In the area of education, Folsom made an effort to comply with two state court rulings that required adequate and equitable education for Alabama's schoolchildren. In June 1993, he named a task force that ultimately recommended an education reform plan that, if implemented, would have cost the state an estimated $1 billion annually. To the surprise of few, the governor could identify no politically expedient funding mechanisms to support this plan, although increased property taxes and gambling casinos, such as those in neighboring Mississippi, were suggested. Thus, no meaningful changes occurred in the state's education system. Folsom did successfully collaborate with another son of a famous governor, state treasurer "Little George" Wallace, to provide a plan whereby Alabama parents could prepay the college tuition of their children at a great savings over the predicted real costs of four years at a state institution of higher learning.
The brightest spot in Folsom's brief administration of one year, eight months, and 24 days occurred in September 1993 when Alabama landed the Mercedes-Benz automobile plant in a competition that included numerous states across the nation. In late summer, the legislature, at Folsom's urging, passed a financial incentive package that provided tax advantages to firms such as Mercedes. Folsom had traveled to Germany personally to woo Mercedes officials into selecting Alabama as the location for the $300 million sports-vehicle assembly plant that was expected to provide as many as 1,500 jobs for Alabama workers.
Folsom, like his predecessor Guy Hunt, was also the target of ethics complaints. While gambling legislation was under consideration in the state senate and Folsom was serving as lieutenant governor, he and his family flew to the Cayman Islands for a vacation on the personal jet of gambling magnate Milton McGregor. A lengthy investigation of this matter dragged on and no doubt had an effect on the outcome of the 1994 governor's race.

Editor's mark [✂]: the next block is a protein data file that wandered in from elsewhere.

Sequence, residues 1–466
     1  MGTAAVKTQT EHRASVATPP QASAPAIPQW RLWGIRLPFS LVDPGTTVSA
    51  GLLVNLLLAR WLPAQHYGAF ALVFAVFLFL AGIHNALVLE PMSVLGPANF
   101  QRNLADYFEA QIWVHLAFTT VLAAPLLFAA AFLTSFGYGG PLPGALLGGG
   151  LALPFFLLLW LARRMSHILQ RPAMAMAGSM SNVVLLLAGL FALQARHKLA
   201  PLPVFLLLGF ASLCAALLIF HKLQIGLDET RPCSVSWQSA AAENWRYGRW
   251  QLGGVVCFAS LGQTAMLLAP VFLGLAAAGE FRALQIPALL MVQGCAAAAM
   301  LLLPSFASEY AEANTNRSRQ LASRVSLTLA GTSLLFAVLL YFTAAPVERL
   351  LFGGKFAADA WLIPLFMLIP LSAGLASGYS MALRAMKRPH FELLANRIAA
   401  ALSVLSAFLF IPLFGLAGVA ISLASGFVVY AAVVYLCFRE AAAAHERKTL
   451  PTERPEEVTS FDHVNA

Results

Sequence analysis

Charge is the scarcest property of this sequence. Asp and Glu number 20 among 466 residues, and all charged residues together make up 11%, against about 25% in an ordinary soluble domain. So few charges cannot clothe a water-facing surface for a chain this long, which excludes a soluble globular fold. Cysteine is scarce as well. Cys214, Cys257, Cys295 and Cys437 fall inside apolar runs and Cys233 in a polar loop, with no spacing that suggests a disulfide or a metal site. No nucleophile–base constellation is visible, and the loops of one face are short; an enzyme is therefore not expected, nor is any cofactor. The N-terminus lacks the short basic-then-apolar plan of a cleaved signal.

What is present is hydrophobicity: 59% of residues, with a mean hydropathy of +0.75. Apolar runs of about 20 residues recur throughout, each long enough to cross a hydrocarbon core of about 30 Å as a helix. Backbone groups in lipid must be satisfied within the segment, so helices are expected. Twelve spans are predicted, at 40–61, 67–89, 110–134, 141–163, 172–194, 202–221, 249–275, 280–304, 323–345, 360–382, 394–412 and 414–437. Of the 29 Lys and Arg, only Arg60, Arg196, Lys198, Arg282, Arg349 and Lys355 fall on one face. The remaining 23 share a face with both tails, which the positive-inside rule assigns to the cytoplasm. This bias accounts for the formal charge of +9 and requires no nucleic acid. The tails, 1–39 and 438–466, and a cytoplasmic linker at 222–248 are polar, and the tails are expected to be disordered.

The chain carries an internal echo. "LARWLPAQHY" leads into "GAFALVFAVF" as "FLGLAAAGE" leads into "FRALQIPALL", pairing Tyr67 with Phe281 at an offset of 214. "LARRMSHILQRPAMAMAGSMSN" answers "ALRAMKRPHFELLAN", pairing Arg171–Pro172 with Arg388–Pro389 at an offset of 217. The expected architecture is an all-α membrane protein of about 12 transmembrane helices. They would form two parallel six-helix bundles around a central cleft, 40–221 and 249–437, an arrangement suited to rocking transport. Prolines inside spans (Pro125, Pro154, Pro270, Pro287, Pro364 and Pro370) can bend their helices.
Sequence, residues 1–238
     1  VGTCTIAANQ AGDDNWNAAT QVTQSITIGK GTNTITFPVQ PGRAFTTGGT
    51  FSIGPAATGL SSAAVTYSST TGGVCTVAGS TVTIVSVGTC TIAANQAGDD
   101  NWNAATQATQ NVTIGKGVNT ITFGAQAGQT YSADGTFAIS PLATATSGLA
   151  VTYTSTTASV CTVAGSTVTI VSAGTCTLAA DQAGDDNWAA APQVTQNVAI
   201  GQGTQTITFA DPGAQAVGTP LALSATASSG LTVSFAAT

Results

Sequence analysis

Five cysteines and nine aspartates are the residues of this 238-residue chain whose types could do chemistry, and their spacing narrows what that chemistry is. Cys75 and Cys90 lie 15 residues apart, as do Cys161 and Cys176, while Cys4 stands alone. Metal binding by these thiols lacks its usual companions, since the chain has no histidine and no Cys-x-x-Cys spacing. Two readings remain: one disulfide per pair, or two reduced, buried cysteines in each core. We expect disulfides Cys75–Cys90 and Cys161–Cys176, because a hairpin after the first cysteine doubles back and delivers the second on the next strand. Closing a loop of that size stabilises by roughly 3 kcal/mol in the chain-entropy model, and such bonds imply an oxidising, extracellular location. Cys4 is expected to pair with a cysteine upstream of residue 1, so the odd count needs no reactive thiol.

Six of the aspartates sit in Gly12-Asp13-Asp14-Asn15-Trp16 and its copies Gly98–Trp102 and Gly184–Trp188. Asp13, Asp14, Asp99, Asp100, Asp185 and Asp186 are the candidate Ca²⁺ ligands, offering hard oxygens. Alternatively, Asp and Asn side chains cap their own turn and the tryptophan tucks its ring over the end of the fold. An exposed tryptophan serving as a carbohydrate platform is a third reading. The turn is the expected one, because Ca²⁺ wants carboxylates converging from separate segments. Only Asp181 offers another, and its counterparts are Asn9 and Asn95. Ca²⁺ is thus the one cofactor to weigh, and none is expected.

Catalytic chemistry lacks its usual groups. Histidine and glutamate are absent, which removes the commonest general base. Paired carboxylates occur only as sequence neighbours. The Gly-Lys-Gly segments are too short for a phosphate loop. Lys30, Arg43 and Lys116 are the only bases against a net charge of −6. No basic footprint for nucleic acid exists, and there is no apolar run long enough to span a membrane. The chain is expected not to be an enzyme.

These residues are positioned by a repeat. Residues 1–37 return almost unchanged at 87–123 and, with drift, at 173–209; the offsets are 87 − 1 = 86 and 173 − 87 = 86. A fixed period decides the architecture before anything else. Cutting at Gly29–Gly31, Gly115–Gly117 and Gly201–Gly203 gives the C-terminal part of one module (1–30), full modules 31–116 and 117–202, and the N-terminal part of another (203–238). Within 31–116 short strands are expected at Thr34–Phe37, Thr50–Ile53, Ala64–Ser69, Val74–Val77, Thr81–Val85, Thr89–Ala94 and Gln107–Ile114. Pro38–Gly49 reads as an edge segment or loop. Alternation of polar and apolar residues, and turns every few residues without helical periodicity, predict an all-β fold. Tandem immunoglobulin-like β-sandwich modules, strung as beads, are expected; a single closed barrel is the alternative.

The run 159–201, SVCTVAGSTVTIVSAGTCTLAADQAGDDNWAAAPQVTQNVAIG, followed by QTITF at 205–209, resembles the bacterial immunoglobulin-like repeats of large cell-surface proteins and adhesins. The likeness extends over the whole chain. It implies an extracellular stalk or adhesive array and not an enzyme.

Folsom waged a vigorous campaign in the Democratic primary for a full term as governor in 1994. He won handily over his opponent, teachers' union chief Paul Hubbert, and ran an equally vigorous campaign against Republican nominee Forrest "Fob" James. Most Alabamians seemed to be pleased with Folsom's performance in office, and he was expected to win. James, however, helped by a national Republican landslide that gave the GOP control of both houses of Congress for the first time in 40 years, narrowly won the governorship. The ethics investigation by the state attorney general's office ended without any charges being brought against Folsom, although several Folsom associates were convicted of improprieties. Early in 1998, U.S. attorney Redding Pitt, who had been looking into possible federal violations by Folsom, publicly stated that no federal criminal charges would be filed against the former governor. Folsom then called for an investigation of his accusers, specifically Governor James and former Republican attorney general Jeff Sessions, who had since been elected by Alabama voters to the U.S. Senate. Nothing came of his request.
Folsom and his family returned to private life in Cullman, where he was involved in an investment business. Folsom was returned
to the office of lieutenant governor by Alabama voters in November 2006.
Note: This entry was adapted with permission from Alabama Governors: A Political History of the State, edited by Samuel L. Webb and Margaret Armbrester (Tuscaloosa: University of Alabama Press, 2001).
Mullaney, Marie M. Biographical Directory of the Governors of the United States, 1988-1994. Westport, Conn.: Greenwood Press, 1994.
William H. Stewart
University of Alabama
Published March 31, 2008
Last updated September 30, 2014